But to describe what took place in my own regard. I had mounted my horse on quitting my father’s resting-place, and had not yet proceeded a kôsse on my march, when a man came to meet me who could not have possessed any knowledge of my person, and I demanded his name. He told me in answer that his name was Mûrad Khaujah. “Heaven be praised,” said I, “my desire shall be attained.” A little further on, and not far from the tomb of the Emperor Bâber, we met another man, driving before him an ass loaded with fire-wood, and having a burden of thorns on his own back. I asked of him the same information, and he told me to my great delight that his name was Dowlet Khaujah (‘sir for­tune’), and I expressed to those who were in attendance how encouraging it would be if the third person we met should bear the name of Saadet (‘auspicious’). What then must have been the surprise when proceeding a little further on, on the bank of a rivulet to our right, and observing a little boy who was watching a cow grazing hard by, I ventured to ask him also his name; his answer was, my name is Saadet Khaujah (‘sir felix’). A clamour of exultation arose among my attendants, and with feelings of equal gratitude and satisfaction, I from that mo­ment determined that, in conformity with these three very auspicious prognos­tications, all the affairs of my government should be classed under three heads, to be called Eymaun-o-thalâtha (‘the three signs’).*

The second watch of the day had now expired, and the sun having attained the meridian, I was tempted to avail myself of the appearance of a shady tree to shelter myself against the scorching heat of the atmosphere. At this moment some melancholy reflexions passing through my mind, I could not forbear ob­serving to Khaun-e-Auzem, that with all the accompaniments of imperial splen­dour, and the absence of all concern for the result, I was nevertheless exposed, and still more so were those who attended me, to many very serious inconve­niences, against which we had not had the leisure sufficiently to provide; but what were these to the hardships endured by the unhappy boy who was flying under all the discouragements of guilt and dismay! Alas, what are our inconve­niences to the sufferings in body and mind under which he labours? I confessed that my resentment was, however, not a little aggravated by the reflection that hostilities should have arisen at so early a period of my reign, and in such a quarter; that those who had shared for so many years in my toils and solici­tude, should have thus exposed themselves to the inflictions of my just revenge. Nevertheless it afforded me some consolation that if I had not averted the impu­tation of neglect by taking horse at the instant, the wretched fugitive would by this time have gained some frontier ground, and there found himself joined by numbers of the factious and discontented—the perfidious hypocrites by whom he would have been soon surrounded. That I should personally engage in the enterprize was therefore without alternative, if I hoped to secure any reason­able prospect of success.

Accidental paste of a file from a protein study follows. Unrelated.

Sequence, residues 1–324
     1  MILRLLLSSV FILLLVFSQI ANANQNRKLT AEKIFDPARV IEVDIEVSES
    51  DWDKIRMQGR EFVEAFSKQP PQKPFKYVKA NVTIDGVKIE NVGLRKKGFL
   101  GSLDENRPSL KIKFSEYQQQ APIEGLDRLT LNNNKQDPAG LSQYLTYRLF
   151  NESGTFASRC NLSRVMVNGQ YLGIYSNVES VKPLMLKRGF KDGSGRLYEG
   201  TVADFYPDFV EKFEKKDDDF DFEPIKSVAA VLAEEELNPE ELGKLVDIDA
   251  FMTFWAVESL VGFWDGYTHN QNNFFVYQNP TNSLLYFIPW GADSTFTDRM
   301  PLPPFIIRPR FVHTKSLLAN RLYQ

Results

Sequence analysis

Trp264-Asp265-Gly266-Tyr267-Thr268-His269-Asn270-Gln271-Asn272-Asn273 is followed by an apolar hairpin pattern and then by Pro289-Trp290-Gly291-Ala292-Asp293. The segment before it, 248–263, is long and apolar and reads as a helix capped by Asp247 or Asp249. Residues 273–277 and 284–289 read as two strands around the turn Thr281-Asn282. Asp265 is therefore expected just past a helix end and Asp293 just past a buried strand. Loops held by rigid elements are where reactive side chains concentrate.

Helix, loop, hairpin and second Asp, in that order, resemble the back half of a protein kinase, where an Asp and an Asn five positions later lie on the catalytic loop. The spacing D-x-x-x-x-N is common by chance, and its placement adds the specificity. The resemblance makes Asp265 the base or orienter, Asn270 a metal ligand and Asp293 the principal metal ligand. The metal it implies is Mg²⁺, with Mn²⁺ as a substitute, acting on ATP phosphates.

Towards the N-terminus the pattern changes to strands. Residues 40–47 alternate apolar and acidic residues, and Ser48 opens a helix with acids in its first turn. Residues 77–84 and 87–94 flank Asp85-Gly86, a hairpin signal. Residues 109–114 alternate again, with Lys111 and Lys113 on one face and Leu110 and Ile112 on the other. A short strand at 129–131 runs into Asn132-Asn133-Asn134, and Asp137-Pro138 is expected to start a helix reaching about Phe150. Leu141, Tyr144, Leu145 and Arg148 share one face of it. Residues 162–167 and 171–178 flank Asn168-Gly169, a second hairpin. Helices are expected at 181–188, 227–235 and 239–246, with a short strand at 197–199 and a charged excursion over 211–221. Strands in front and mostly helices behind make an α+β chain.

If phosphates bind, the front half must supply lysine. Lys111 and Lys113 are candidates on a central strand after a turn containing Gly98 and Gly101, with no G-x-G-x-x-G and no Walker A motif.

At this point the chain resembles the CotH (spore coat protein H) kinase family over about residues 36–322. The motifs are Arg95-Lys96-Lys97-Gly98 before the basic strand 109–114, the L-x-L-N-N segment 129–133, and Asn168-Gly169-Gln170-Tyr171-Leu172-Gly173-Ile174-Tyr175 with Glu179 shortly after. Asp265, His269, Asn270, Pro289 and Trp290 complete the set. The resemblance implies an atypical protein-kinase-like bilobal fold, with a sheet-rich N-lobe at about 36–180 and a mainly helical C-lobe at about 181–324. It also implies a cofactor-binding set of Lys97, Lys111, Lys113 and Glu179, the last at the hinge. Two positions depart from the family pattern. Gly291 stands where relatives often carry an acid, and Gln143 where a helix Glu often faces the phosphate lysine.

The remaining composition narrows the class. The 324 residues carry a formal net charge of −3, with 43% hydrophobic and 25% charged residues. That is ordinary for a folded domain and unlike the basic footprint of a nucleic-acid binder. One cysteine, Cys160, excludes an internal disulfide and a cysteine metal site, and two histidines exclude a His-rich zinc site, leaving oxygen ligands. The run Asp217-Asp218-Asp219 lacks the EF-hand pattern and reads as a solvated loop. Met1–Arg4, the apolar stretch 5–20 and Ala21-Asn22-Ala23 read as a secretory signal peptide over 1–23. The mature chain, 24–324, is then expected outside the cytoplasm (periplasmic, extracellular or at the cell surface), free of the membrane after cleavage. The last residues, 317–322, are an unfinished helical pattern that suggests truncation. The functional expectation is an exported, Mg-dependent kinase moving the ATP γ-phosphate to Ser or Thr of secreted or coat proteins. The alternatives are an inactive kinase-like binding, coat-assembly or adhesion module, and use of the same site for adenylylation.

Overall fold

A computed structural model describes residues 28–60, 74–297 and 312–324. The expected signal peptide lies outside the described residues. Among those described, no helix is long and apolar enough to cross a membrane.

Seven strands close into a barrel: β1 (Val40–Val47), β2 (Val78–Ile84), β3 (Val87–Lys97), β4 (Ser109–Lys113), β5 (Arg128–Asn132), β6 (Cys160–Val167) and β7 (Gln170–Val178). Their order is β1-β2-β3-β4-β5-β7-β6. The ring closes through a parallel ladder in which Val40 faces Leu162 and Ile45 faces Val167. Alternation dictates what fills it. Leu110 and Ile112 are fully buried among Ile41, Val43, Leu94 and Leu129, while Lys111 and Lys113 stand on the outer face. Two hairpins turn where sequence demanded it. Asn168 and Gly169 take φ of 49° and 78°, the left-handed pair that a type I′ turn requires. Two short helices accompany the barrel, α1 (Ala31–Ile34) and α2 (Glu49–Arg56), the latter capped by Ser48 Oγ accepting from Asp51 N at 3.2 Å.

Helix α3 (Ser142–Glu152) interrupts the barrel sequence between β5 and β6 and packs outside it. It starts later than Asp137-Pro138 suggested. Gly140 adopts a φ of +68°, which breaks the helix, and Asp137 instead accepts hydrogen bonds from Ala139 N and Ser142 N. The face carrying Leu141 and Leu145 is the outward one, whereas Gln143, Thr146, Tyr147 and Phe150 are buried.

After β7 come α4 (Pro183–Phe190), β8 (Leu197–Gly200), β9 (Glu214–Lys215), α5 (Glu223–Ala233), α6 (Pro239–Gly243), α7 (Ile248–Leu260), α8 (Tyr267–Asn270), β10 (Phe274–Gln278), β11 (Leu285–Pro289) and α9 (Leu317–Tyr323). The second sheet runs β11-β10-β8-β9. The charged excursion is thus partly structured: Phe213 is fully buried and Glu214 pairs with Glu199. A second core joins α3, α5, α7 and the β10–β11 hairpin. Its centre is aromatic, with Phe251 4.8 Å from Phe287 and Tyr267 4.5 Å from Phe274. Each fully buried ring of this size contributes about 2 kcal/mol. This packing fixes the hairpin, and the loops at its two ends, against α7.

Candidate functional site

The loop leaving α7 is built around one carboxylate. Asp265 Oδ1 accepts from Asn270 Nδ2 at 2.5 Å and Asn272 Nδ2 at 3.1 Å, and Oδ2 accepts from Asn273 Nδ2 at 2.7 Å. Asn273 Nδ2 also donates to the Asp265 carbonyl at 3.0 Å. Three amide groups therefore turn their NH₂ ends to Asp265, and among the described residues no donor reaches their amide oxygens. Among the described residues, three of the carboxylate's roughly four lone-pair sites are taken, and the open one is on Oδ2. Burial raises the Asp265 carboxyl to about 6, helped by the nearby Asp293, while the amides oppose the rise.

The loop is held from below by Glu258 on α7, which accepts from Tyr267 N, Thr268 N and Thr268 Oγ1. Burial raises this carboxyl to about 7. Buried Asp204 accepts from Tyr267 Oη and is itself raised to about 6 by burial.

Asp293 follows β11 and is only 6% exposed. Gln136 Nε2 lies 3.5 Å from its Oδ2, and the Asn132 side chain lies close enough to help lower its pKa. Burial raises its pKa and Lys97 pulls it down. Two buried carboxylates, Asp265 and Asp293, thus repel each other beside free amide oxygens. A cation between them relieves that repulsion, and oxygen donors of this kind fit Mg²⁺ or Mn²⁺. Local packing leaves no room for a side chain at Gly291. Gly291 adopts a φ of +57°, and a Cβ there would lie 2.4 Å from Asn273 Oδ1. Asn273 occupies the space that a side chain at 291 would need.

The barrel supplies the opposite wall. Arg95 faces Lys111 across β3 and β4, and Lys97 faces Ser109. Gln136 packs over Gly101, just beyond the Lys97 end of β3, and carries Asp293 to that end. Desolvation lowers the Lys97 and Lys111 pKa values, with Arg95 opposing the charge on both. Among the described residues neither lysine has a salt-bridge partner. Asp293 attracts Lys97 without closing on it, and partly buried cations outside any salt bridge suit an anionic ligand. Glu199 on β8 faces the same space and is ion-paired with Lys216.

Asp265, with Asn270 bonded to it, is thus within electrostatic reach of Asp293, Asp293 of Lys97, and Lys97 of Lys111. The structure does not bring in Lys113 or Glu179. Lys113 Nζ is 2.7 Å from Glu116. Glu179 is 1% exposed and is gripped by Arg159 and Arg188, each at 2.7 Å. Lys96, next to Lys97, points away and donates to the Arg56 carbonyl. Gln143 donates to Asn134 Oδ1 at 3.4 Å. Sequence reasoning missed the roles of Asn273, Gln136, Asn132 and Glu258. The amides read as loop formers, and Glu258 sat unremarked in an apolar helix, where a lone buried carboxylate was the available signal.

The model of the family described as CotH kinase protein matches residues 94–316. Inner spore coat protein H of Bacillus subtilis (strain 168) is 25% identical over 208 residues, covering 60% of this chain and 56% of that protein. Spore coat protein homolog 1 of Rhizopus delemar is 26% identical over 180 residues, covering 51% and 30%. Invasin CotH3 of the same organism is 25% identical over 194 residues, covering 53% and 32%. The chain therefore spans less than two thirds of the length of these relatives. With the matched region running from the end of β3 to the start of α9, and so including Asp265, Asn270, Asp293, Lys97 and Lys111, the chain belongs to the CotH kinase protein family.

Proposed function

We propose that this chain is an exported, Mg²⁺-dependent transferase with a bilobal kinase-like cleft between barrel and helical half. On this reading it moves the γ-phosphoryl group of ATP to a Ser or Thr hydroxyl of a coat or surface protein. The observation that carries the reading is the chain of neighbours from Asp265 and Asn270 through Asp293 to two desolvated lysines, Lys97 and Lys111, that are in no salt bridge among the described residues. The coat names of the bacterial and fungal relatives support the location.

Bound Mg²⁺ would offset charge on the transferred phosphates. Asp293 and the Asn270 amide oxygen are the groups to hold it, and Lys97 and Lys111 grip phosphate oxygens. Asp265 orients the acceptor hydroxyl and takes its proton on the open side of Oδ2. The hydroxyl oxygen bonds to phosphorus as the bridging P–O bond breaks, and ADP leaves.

But to proceed with the narrative of this unnatural revolt. Arriving at a village remarkable for its numerous tanks and delightful groves, I determined there to encamp. It now appeared that when Khossrou reached Mut­tra, which is one of the most venerated places of Hindû worship (the Keblah­gah, in fact), Hussun Beg the Badakhshanian entered the town with a body of his troops, and proceeded to exercise upon the defenceless inhabitants every species of violence and outrage; forcing from every one all the money they could lay hands on, and otherwise perpetrating such acts of profligacy and barbarity, that there remained no security for either sister, wife, or daughter in the whole neigh­bourhood. In short, such were the atrocities of every description of which these barbarians were guilty, that the unhappy Khossrou, not less alarmed than dis­gusted at the scenes of licentiousness and havoc of which he was thus compelled to be a witness, broke forth among his attendants, in terms of agony and bitter self-reproach, to the following effect: “Alas,” said he, “whither am I led, and from whom is it that I have been persuaded to separate myself? What is become of the glory which once surrounded my most ordinary enjoyments, that I should now be driven to address by the respected title of Ameir, those who have arisen from the very scum and dregs of society! That I should be compelled thus passively to look on at the enormities committed by such men on the subjects of my father’s government!”

With these expressions upon his lips of repentance, self-reproach, and useless regret, suitable to the desperate lot to which he had abandoned himself, he never­theless refrained, through folly and a false sense of shame, from recurring to the only remedy by which he could have been saved from ruin. For, as I stand in the presence of God, had the unhappy Khossrou, at this moment of returning shame and remorse, presented himself before me, not only would his offences have been overlooked, but his place in my esteem would have been higher than any thing he had previously enjoyed. Of this he had already experienced the strongest proof, when, after his unfilial conduct during the illness of my father, which I must have suspected to have arisen from hostile views and motives of the most dangerous nature, yet on his bare expression of repentance and a returning sense of duty, I freely banished from my mind every unfavourable impression. With regard to the circumstances of my father’s last illness, and the means by which the duplicity and hostile designs of some turbulent ameirs became known to me on that occasion, I may remark that the influence of my predominant fortune was finally triumphant, and without the slightest effort of human skill God Almighty placed the empire of Hindûstaun at my disposal. The story and the events of which it furnishes the recital are among the extraordinary things of the age in which we live, and the particulars may be learnt with sufficient accuracy in the following relation.